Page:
Command and Control

Food, as everything else was in short supply. All, it seemed, except for misfortune and misery. The hydroponic gardens were failing. Water recirc units were running at half capacity. Air scrubbers had been under constant repair for the last year. Rumors of sabotage began to surface among the crew.

Captain Morrow contemplated the issues at hand from his command chair on the bridge. The voyage had been long—over four years, yet they were only two-thirds of the way to their destination; Enceladus, the enigmatic moon of Saturn.

At the present rate of failures, they would all be dead before reaching the end of their journey. The spaceship, flown mostly by computers, would arrive, park in orbit and initiate surveillance of the surface. It would transmit all of it’s data back to Earth for the scientists there to ruminate on. The computers would perform their preprogrammed duties until the engines on the lifeless hulk failed and the most expensive manned space mission in history ended in a rapid descent and an unobserved crash of destruction.

Their voyage was historic. After decades of little activity in space apart from the routine Lunar ‘roundabouts’ and a single, manned foray to Mars, space exploration had been non-existent. Morrow and his crew had been selected to make the first manned expedition to the Saturnian system.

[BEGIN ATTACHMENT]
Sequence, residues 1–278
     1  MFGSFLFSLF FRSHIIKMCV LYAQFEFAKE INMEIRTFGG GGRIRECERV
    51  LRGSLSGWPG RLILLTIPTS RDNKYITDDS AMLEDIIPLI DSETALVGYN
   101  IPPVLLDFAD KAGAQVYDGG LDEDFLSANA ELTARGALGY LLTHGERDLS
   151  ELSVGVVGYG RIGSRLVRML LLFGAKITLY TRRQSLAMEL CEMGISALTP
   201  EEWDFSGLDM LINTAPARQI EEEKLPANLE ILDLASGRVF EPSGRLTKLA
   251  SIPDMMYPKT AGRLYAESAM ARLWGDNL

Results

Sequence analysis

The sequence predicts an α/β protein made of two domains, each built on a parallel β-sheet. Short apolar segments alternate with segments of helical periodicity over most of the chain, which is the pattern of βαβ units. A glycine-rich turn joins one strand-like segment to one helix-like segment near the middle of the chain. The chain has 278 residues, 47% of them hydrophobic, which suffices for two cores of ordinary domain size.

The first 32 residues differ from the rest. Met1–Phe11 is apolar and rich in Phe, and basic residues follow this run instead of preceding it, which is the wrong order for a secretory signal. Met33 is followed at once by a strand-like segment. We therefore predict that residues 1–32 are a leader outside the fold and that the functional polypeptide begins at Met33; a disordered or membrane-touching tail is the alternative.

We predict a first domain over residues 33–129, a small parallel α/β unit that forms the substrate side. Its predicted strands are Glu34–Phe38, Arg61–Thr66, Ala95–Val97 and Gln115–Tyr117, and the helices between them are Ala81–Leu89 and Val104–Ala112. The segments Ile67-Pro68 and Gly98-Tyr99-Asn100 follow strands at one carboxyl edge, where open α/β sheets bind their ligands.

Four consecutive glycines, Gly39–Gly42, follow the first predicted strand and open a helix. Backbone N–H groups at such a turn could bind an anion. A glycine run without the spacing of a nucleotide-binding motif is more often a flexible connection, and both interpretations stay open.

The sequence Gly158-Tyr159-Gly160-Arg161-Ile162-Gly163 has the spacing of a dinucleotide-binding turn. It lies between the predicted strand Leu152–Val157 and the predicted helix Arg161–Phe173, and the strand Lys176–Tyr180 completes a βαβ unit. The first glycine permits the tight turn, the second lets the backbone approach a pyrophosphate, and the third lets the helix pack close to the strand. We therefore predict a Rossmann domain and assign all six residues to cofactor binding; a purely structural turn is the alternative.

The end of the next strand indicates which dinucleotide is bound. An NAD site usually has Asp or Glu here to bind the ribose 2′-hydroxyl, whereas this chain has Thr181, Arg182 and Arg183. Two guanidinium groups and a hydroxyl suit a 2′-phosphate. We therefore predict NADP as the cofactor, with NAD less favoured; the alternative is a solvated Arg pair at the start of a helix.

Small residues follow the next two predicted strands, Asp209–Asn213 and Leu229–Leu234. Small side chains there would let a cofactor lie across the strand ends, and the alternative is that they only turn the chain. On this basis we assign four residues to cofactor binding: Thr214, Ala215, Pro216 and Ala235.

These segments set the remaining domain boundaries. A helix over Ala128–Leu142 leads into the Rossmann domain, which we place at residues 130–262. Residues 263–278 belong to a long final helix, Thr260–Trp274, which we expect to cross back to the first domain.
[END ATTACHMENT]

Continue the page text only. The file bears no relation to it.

Robotic missions would have been able to gather as much or more useful information, but NASA, in attempts to rekindle interest and reassert its authority as the world’s preeminent space exploration agency had decided on a manned mission. The captain had pushed for more redundancy on the systems but his requests had been denied due to launch window time frames and budget constraints.

The mission had started well enough; nothing of import during launch or refueling at the LEO fueling point. The problems had begun at aphelion. Radio communication had been randomly inadvertent. The nav-computer now required frequent calibration to keep them headed in the proper direction. Environmental controls appeared to be temperamental at best. The captain, as he was trained to, became a constant force, a visible manifestation of command. He issued orders, demanded system checks, wanted to know what the hell was wrong with his ship. Answers were scarce and incomplete. The whispers of sabotage grew more frequent.

Morrow, now deep in the throes of madness, plotted his next move and, more importantly, how he would avoid detection.

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